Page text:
Edmond Rumpler, a brilliant Austrian aircraft designer, introduced his Tropfenwagen at the 1921 Berlin Auto Show. The teardrop-shaped body (tropfen translates to drop), with its
curved glass greenhouse, produced a very low drag coefficient of only .28, which is on par with the aerodynamic cars of today. In addition to the shape of the body, the minimal
horizontal fenders and the belly pan helped to achieve this figure. We have put together an article covering this legendary car along with a neat early MOVIE and many photos and
period magazine illustrations that you can see @ http://theoldmotor.com/?p=118297
That is very cool !
Thank you for posting ...
David, do you know if Rumpler was a colleague of Porsche? There appears to be several design similarities including the general layout, between the Tropfenwagen and early Porsche design studies which ultimately lead to the VW.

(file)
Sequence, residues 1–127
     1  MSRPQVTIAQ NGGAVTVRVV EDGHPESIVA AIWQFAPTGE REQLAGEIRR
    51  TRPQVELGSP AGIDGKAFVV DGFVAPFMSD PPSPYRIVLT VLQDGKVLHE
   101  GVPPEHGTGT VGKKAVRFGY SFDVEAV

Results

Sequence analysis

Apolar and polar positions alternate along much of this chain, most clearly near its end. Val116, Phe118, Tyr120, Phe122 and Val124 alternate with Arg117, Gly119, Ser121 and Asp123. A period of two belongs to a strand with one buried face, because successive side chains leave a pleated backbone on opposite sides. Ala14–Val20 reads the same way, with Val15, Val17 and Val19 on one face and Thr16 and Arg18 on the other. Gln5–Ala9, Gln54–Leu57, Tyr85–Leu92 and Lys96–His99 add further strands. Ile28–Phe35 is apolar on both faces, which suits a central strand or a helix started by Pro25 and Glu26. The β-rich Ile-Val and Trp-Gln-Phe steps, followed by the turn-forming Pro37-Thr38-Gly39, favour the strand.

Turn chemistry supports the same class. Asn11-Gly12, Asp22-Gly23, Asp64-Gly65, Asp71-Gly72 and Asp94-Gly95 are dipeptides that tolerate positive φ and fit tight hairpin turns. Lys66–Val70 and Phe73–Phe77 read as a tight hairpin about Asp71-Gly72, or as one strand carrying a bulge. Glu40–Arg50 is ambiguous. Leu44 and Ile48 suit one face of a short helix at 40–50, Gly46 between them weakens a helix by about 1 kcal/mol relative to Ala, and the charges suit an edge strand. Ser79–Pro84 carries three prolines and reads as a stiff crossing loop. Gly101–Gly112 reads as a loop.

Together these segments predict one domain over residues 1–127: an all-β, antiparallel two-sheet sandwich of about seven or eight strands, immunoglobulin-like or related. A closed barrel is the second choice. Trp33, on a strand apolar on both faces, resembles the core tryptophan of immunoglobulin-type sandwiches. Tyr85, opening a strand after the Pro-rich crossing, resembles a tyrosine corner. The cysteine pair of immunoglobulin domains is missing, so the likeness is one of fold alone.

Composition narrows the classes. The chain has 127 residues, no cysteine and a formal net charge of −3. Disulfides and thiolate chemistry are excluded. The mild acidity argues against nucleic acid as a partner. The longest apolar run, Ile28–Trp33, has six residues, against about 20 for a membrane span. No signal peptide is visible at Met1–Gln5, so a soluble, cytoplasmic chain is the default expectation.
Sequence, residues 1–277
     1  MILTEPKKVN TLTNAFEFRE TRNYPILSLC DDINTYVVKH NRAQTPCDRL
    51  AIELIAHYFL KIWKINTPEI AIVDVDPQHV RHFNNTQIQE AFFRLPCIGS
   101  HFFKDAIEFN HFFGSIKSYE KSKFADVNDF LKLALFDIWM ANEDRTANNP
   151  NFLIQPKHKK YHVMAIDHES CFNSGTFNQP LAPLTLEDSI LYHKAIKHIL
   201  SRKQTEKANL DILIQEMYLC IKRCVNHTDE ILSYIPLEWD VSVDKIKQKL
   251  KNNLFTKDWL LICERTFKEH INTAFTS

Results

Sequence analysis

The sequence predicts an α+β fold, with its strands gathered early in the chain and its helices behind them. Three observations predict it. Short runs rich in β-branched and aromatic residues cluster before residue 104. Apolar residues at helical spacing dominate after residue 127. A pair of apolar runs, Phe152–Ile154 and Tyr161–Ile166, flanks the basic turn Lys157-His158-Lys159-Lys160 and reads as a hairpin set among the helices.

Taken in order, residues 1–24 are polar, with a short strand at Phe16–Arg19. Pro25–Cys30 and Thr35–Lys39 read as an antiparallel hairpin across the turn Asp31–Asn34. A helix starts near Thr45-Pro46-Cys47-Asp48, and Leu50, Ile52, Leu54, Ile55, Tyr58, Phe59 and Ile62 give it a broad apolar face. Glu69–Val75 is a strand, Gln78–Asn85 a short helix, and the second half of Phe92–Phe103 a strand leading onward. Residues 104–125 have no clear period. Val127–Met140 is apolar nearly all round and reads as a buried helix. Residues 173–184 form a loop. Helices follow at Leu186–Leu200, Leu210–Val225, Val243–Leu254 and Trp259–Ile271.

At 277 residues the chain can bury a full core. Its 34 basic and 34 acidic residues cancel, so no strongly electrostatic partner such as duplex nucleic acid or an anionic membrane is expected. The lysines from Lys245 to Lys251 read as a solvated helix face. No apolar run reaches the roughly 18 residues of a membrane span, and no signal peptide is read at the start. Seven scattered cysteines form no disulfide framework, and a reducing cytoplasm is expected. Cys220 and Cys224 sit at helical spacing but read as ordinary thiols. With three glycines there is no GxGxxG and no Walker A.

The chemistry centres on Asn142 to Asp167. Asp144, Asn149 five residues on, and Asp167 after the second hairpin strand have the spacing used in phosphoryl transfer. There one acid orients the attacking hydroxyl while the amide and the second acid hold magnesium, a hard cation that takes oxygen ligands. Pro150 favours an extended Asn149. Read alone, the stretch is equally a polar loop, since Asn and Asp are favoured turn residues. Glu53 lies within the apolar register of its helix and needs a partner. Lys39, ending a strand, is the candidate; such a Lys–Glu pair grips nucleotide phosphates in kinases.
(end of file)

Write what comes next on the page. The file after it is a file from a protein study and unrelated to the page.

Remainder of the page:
It is interesting how Henry Ford's concept of a light weight - high strength design, with a unitized power plant, also central in Rumpler's design, points directly at our present .
Thank you for posting this interesting information.
They burned a few of these during the filming of Fritz Lang's "Metropolis". My dad said they went to see this movie when it came out and left shaking their heads. The Mortensens were not into symbolism in movies.
John Semprez "David, do you know if Rumpler was a colleague of Porsche?"
John one of our readers, Tom M. who is knowledgeable on the subject had the following to say about it:
"Interesting that prior to his pre-1920 aviation work, Rumpler collaborated with Ledwinka in auto design, at Nesselsdorfer- Wagenbau, a predecessor of Tatra Motors."
You can learn more about Tatra here: http://theoldmotor.com/?s=tatra
I have not had the time to research it any further, but after studying the subject it is evident that his design was used later by Porsche in both his own car and the VW.
It idea was also used by Auto Union in its pre-war racing cars.
Below is another look at the drivetrain. Many more photos and much info can be found here: http://theoldmotor.com/?p=118297
Thank you David.